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Ask the Winemaker, Take a punt

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by Chris Cameron, Winemaker, JanKris Winery, Paso Robles, California

Generally at this time of year a considerably higher volume of sparkling wine is consumed to celebrate the holiday season.

I use the term sparkling wine rather than Champagne which is a specific type of sparkling wine. The word Champagne should ONLY BE USED WHEN REFERRING TO WINES FROM THE CHAMPAGNE DISTRICT OF FRANCE!!! You may have guessed I feel a bit passionate about this well, the area of Champagne in France makes a very unique, and in my opinion, by far the best sparkling wine in the world and no other area/region/producer outside of that region has the right to use the word Champagne”. Unfortunately many still do and the true Champagne producers are fighting to protect their rights. I wholeheartedly support their cause! I will get off my soap box now (we call it a cordial box in Australia) and move on to today’s discussion….why is the punt in the bottom of a wine bottle?

The indentation in the base of wine bottles is generally termed a punt. Its origins have been interpreted many ways so here is what I know. There are suggestions that the early glass blowers had difficulty in producing a flat base for the bottle, in many instances leaving a sharp spot where the bottle was held and subsequently marking tables and benches. They found it was more stable and less likely to scratch if an indentation was left.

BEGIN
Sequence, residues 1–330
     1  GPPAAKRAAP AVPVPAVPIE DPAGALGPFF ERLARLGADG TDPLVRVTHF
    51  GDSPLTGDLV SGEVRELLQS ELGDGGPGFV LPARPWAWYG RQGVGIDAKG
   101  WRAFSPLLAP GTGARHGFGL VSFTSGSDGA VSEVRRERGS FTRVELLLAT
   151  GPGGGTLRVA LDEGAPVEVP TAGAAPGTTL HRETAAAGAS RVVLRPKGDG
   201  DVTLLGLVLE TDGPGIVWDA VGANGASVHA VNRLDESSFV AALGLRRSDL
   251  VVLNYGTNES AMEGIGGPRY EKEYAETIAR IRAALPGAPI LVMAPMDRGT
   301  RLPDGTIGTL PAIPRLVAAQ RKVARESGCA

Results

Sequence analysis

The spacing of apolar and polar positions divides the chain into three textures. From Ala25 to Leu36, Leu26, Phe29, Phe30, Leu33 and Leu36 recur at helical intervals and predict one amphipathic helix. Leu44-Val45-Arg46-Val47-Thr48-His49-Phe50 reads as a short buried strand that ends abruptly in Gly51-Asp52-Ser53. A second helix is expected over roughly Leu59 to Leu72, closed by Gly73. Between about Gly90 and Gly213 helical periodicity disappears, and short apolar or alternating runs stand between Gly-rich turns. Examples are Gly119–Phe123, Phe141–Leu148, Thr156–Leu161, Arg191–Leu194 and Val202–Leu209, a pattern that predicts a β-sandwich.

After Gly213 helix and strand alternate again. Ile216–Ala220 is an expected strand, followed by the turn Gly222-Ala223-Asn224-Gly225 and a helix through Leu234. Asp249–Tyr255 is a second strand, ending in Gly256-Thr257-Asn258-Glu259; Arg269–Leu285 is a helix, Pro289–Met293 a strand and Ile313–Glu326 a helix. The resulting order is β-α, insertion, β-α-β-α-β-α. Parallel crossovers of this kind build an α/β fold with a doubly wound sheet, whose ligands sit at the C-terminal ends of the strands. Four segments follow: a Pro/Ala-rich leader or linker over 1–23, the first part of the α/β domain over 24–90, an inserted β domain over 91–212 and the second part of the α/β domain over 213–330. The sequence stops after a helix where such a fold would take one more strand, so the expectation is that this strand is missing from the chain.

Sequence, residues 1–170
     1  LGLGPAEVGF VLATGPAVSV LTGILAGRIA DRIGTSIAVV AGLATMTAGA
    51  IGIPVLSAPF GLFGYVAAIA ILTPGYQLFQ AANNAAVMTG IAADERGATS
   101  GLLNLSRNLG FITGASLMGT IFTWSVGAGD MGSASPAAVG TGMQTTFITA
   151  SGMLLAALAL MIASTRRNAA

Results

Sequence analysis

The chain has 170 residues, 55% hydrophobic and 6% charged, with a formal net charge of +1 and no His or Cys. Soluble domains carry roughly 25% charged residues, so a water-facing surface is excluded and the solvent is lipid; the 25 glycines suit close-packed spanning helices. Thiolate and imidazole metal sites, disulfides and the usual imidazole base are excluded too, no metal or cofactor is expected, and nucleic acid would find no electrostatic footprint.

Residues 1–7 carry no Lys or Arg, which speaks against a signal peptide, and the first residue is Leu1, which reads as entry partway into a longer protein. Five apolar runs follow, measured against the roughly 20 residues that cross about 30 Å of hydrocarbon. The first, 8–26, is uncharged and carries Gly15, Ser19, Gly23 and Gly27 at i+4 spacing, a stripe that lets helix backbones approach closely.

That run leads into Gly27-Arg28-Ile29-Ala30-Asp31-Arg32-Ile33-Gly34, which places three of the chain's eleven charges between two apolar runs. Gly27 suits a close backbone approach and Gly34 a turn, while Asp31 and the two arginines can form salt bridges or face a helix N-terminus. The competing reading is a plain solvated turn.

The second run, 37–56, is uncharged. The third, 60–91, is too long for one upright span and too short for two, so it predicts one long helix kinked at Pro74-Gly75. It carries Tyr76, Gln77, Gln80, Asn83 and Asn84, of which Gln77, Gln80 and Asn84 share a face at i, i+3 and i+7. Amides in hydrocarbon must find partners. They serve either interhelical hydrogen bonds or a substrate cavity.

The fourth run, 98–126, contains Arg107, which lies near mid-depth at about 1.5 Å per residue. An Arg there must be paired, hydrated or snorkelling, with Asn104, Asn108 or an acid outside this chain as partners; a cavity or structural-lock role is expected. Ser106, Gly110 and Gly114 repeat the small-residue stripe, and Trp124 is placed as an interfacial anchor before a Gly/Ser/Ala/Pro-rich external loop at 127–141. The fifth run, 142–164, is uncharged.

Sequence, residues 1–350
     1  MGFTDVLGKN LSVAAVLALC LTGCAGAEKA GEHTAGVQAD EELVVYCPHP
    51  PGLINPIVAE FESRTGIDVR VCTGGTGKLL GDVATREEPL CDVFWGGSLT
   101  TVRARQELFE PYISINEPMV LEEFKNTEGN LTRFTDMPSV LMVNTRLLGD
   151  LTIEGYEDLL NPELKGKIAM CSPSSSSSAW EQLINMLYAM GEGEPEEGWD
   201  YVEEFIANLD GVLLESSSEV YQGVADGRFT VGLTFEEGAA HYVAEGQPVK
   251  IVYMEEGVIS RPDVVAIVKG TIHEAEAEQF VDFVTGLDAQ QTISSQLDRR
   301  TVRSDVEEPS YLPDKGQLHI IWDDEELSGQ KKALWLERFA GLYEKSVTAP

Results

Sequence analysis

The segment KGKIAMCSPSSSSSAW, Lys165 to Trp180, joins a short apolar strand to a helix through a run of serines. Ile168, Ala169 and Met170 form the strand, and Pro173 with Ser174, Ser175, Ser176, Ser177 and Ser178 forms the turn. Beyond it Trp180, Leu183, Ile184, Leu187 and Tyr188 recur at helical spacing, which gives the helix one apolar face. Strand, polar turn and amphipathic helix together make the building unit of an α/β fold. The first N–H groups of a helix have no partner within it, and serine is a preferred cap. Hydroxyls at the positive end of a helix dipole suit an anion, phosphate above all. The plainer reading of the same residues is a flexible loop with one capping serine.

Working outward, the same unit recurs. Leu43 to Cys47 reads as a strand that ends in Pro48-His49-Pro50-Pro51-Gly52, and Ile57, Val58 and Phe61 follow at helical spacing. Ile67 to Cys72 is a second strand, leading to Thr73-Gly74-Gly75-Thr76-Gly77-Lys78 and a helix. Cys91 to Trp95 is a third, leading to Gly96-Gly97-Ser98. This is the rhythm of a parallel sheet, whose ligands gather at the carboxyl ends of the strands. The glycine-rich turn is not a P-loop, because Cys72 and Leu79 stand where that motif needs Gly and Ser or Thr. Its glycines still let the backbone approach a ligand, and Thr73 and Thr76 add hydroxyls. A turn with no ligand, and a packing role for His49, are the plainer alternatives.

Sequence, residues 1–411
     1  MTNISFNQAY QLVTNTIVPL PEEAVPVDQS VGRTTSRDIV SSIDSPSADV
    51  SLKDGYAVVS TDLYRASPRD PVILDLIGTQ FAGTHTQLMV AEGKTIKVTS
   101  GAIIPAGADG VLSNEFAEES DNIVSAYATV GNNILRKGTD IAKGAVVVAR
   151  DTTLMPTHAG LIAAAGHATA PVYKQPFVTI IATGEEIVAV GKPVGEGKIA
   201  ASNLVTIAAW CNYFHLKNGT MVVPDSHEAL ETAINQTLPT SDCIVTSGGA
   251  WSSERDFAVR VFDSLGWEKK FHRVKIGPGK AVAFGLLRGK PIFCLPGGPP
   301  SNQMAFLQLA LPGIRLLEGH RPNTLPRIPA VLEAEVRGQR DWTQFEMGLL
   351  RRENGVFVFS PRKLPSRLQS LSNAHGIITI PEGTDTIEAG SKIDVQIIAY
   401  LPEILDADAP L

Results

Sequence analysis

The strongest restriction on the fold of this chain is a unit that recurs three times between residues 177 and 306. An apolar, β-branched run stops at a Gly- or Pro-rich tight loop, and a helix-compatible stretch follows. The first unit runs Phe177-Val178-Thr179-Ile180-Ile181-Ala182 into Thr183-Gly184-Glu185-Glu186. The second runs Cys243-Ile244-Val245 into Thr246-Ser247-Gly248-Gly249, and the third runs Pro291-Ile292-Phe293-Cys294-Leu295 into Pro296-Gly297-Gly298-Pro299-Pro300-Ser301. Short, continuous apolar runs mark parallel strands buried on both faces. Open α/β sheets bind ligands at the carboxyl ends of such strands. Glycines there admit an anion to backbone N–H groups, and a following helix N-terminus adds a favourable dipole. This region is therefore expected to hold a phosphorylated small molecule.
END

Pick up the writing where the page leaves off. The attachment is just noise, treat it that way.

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Champagne, however, required a more sophisticated system to use in the process of making their wine or methode champenoise required a specific bottle shape. The punt does indeed assist in strengthening the bottle as well as allowing easier pouring by waiters but it did have a more specific purpose. The art of making Champagne requires a secondary fermentation in individual bottles where it remains until consumption. This fermentation produces lees (see link to methode champenoise above for a detailed explanation) that remain in the bottle as part of the aging process. In early days the wines were “riddled” to capture the lees upside down in the bottle and the punt allowed more stable storage for that purpose. In present production the secondary fermentation uses a “crown seal” (similar to beer bottles) for the secondary ferment but prior to that corks were used and secured by a clip (called and agrafe). The photos below show that clearly.

When the bottles completed riddling they were upside down and required extended storage that way. The shape of the cork seal fitted neatly and securely in the deep punt which also included an extra bump (called the plume) to add to stability. This is a diagram of a similar bottle shape used in early Champagne making. Note the deep punt and additional plume.

I would love to discuss Champagne production further and will endeavour to do so at a later date. These comments on the punt will no doubt create a lot of discussion but I had the privilege to be involved in tasting Chardonnay base wines at Veuve Clicquot many years ago and had this explained to me.

Chris Cameron

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